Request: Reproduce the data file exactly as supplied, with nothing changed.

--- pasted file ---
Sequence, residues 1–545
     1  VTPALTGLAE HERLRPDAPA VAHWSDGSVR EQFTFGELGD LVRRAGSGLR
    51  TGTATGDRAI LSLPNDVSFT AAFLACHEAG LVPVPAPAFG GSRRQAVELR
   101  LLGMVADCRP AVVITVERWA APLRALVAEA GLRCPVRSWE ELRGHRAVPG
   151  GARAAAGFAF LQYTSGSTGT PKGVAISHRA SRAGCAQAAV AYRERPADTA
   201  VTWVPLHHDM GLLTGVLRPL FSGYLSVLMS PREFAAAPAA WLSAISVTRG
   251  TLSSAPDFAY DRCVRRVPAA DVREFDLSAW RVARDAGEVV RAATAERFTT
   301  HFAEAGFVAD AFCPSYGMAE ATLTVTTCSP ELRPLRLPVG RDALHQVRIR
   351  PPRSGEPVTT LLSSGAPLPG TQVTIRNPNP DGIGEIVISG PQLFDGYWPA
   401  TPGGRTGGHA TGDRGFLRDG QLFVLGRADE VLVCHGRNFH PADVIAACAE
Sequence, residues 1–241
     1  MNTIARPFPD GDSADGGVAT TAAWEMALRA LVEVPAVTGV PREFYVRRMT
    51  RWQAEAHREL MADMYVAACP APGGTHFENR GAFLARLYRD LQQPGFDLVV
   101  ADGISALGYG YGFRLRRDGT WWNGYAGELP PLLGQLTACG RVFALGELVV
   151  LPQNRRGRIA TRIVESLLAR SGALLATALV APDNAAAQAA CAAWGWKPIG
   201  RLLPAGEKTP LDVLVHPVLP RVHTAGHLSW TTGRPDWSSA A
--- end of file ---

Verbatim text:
Sequence, residues 1–545
     1  VTPALTGLAE HERLRPDAPA VAHWSDGSVR EQFTFGELGD LVRRAGSGLR
    51  TGTATGDRAI LSLPNDVSFT AAFLACHEAG LVPVPAPAFG GSRRQAVELR
   101  LLGMVADCRP AVVITVERWA APLRALVAEA GLRCPVRSWE ELRGHRAVPG
   151  GARAAAGFAF LQYTSGSTGT PKGVAISHRA SRAGCAQAAV AYRERPADTA
   201  VTWVPLHHDM GLLTGVLRPL FSGYLSVLMS PREFAAAPAA WLSAISVTRG
   251  TLSSAPDFAY DRCVRRVPAA DVREFDLSAW RVARDAGEVV RAATAERFTT
   301  HFAEAGFVAD AFCPSYGMAE ATLTVTTCSP ELRPLRLPVG RDALHQVRIR
   351  PPRSGEPVTT LLSSGAPLPG TQVTIRNPNP DGIGEIVISG PQLFDGYWPA
   401  TPGGRTGGHA TGDRGFLRDG QLFVLGRADE VLVCHGRNFH PADVIAACAE
Sequence, residues 1–241
     1  MNTIARPFPD GDSADGGVAT TAAWEMALRA LVEVPAVTGV PREFYVRRMT
    51  RWQAEAHREL MADMYVAACP APGGTHFENR GAFLARLYRD LQQPGFDLVV
   101  ADGISALGYG YGFRLRRDGT WWNGYAGELP PLLGQLTACG RVFALGELVV
   151  LPQNRRGRIA TRIVESLLAR SGALLATALV APDNAAAQAA CAAWGWKPIG
   201  RLLPAGEKTP LDVLVHPVLP RVHTAGHLSW TTGRPDWSSA A